Contributed by: Meera Siva, CFA
If you thought death and taxes are the only sure things in life, think again, says Richard F. Hokenson. In his talk to the Chennai Chapter of IAIP on October 3, he makes a case for how demographic patterns are affecting investments and the world is on a race to zero interest rates. Richard should know, as he is an economist with many decades of experience in demographics. He is the Senior Managing Director of Global Demographics at Evercore ISI where he is responsible for analysis and forecasting of international demographic trends and their associated economic and investment implications.
Era of deflation
Between 1930 and 2015, the world population has grown from 2 billion to 7 billion. Typically, there are dire predictions on shortages when there is a growth in population. However, in this period there has been a decline in the Dow Jones-AIG Commodity Index, adjusted for inflation. This is thanks largely to output improving over time globally.
This and other data point to the fact that we are in a dis-inflationary world. Commodity prices will mostly move lower. Inflation has been on the lower side, and central banks are missing their inflation target. Interest rates are racing to zero.
Over the long term, interest rates converge towards GDP – yields on US long-term treasuries and nominal GDP have always moved together. Nominal GDP is actual growth and actual inflation and interest rates reflect expected growth and inflation.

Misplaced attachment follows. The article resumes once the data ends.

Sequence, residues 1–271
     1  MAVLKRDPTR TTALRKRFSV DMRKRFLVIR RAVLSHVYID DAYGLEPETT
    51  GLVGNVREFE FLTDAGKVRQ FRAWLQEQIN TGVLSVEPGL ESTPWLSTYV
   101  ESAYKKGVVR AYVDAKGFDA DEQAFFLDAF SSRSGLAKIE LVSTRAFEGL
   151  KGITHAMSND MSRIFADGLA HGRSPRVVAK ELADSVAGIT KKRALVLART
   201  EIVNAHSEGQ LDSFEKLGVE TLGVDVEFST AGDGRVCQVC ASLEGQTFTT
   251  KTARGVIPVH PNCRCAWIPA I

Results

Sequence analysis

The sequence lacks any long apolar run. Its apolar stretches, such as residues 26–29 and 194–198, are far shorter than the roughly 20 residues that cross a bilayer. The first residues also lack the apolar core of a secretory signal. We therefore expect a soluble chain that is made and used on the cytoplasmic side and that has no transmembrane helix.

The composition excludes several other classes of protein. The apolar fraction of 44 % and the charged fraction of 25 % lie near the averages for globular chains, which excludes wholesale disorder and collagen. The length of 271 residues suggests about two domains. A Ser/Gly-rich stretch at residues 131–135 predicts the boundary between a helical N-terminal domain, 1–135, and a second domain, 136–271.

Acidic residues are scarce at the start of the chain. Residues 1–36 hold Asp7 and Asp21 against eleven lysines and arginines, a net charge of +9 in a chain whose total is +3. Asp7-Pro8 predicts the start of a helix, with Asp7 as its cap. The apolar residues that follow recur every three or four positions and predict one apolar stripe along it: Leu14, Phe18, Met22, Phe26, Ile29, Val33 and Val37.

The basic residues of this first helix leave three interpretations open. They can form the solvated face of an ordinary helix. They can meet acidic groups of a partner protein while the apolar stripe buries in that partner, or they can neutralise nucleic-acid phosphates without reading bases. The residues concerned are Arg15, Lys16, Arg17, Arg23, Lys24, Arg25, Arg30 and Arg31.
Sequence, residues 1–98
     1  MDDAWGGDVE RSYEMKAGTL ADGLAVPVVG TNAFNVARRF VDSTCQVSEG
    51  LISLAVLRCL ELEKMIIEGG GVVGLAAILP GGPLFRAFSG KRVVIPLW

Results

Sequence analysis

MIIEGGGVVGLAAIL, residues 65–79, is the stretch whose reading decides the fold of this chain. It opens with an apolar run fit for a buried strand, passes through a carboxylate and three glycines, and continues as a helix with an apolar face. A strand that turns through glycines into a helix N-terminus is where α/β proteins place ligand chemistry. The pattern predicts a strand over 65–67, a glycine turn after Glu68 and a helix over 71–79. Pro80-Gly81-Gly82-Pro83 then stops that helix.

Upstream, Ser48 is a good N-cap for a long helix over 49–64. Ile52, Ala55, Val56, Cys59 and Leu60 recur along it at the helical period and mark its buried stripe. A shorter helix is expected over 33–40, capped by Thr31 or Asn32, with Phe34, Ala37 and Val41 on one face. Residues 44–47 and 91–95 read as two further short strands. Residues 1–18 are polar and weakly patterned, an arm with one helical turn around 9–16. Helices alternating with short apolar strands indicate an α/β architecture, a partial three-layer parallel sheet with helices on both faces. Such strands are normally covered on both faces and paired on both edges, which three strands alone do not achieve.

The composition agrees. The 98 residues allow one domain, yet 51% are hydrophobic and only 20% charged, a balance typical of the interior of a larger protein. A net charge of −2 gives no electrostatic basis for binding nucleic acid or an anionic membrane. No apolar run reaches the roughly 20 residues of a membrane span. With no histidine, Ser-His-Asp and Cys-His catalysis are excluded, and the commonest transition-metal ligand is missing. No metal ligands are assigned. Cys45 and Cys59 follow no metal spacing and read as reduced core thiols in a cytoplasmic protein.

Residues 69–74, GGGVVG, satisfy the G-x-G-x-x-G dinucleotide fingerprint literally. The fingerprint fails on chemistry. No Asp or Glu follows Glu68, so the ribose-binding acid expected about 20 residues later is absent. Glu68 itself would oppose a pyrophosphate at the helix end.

And nominal GDP is influenced by labour force – population, employment, participation and hours worked. Historically, in the US, between 1960 and 1980, there was population growth. This created higher demand from the young work force for houses, goods and services. Demand could not keep up fast enough, leading to inflation and interest rates moved higher.
The opposite happened post-1980. Positive demand shocks slowed, population became older, more efficient, as supply curve shifted faster than demand curves. This has brought us to the dis-inflationary world in developed countries.
Population growth is a big factor in demand supply dynamics. Currently, almost 46 per cent of the world lives in countries with falling birth rates. And the existing population is ageing fast. Japan leads the pack, with China at number two. There are eight million empty homes in Japan and its population will peak in 2020. The disadvantage for China is that unlike Japan, it will age before it gets rich. Growth rate has slowed from 10 per cent to 5-6 per cent now.
Another country with demographic issues is Russia. While the current generation is expected to live longer than their parents in most other countries, suicide and alcohol has reduced life expectancy.
For India, placing emphasis on primary and secondary education is vital to capitalize on the demographic advantage it currently has. On the other side, in eastern countries such as India where the elderly lived with their family, may not have a family member to live with in the future. This may necessitate nursing homes, assisted living and retirement homes
Ageing population also means a shift from products to services. Among the various services, international travel may be one segment where there can be good growth as seniors demand new experiences. Products such as cars may face falling demand as there the driving age population shrinks.